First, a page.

How bank holidays are created and why we have them as call for extra Jubilee day to be made permanent

·2-min read
The UK will enjoy an extra bank holiday in June to celebrate the Queen’s jubilee. (POOL/AFP via Getty Images)
The UK will enjoy an extra bank holiday in June to celebrate the Queen’s jubilee. (POOL/AFP via Getty Images)

The UK is set to enjoy a four-day weekend in June, thanks to the Queen’s Platinum Jubilee.

The late May bank holiday has been moved to June 2, while the Jubilee bank holiday will be celebrated on June 3–giving the UK an extra day off.

Business and hospitality leaders have called on the government to make the Platinum Jubilee bank holiday permanent, as they argue the extra day off will provide an economic boost.

But how are bank holidays created?

Why do we have bank holidays?

Bank holidays originated in the UK in 1871, when banks and financial institutions would take days off.

As time went on, businesses, schools, and the government joined in, and now bank holidays are celebrated by everyone.

While key workers and people who work in retail and hospitality may have to work on bank holidays, they are often offered an extra day off in lieu.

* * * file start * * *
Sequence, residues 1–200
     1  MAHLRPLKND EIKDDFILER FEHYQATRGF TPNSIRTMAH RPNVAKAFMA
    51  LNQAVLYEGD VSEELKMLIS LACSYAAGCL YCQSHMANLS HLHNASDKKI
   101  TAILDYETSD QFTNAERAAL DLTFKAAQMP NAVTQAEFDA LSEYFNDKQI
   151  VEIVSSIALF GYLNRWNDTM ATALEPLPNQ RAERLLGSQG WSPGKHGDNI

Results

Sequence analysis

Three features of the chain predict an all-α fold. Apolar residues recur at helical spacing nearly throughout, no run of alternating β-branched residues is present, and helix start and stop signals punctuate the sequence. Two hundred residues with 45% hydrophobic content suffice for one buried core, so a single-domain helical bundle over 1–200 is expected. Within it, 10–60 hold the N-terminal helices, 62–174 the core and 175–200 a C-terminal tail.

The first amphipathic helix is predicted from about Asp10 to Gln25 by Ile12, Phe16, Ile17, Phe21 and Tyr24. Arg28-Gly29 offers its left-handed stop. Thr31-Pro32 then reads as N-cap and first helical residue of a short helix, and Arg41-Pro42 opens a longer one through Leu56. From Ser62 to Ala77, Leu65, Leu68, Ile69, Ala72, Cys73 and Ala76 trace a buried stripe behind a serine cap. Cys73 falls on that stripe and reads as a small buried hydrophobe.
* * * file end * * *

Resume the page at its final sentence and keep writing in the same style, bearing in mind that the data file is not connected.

How are bank holidays created?

Bank holidays are created under the Banking and Financial Dealings Act 1971 and include days specifically listed in the act as well as days proclaimed by the Queen.

The royal bank holiday proclamations usually change holidays to a different day – but occasionally add a holiday – and are announced every summer in The Gazette.

The Platinum Jubilee bank holiday was created to celebrate 70 years of the Queen’s reign.

It was intended that the special holiday would only take place this year – but the government has the power to make it an annual celebration.

However, The Guardian reported that No 10 suggested that it is unlikely that the June bank holiday will become permanent.

Johnson’s spokesperson said it was a “unique” event, and said: “I’m not aware of any plans to make it permanent.”

He said each bank holiday “presents a considerable and significant cost to our economy and therefore each proposal would have to be considered carefully on that basis”.

How does the UK’s bank holidays compare to Europe?

England and Wales usually have eight bank holidays a year, while in 2021 Northern Ireland had 10 and Scotland had 11, according to Trades Union Congress (TUC).

According to the TUC, every country in the EU has more public holidays than the UK, with the EU average being 12.8 days.

Romania, Lithuania, Slovakia, Slovenia, Finland and Cyprus have the most bank holidays with 15 days each.

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